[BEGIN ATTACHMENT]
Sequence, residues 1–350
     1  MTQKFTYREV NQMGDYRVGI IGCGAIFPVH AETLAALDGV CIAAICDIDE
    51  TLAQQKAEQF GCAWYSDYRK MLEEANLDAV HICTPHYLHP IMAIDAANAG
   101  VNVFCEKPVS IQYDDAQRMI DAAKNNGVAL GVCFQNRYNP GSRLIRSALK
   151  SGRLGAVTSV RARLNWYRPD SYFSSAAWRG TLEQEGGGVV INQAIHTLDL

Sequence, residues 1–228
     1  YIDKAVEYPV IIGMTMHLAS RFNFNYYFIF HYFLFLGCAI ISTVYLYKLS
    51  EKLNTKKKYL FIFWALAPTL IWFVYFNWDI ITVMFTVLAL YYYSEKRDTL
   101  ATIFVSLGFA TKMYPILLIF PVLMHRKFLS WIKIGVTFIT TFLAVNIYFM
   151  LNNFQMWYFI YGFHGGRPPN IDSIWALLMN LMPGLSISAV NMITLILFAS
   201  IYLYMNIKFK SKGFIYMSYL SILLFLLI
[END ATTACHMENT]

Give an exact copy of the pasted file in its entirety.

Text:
Sequence, residues 1–350
     1  MTQKFTYREV NQMGDYRVGI IGCGAIFPVH AETLAALDGV CIAAICDIDE
    51  TLAQQKAEQF GCAWYSDYRK MLEEANLDAV HICTPHYLHP IMAIDAANAG
   101  VNVFCEKPVS IQYDDAQRMI DAAKNNGVAL GVCFQNRYNP GSRLIRSALK
   151  SGRLGAVTSV RARLNWYRPD SYFSSAAWRG TLEQEGGGVV INQAIHTLDL

Sequence, residues 1–228
     1  YIDKAVEYPV IIGMTMHLAS RFNFNYYFIF HYFLFLGCAI ISTVYLYKLS
    51  EKLNTKKKYL FIFWALAPTL IWFVYFNWDI ITVMFTVLAL YYYSEKRDTL
   101  ATIFVSLGFA TKMYPILLIF PVLMHRKFLS WIKIGVTFIT TFLAVNIYFM
   151  LNNFQMWYFI YGFHGGRPPN IDSIWALLMN LMPGLSISAV NMITLILFAS
   201  IYLYMNIKFK SKGFIYMSYL SILLFLLI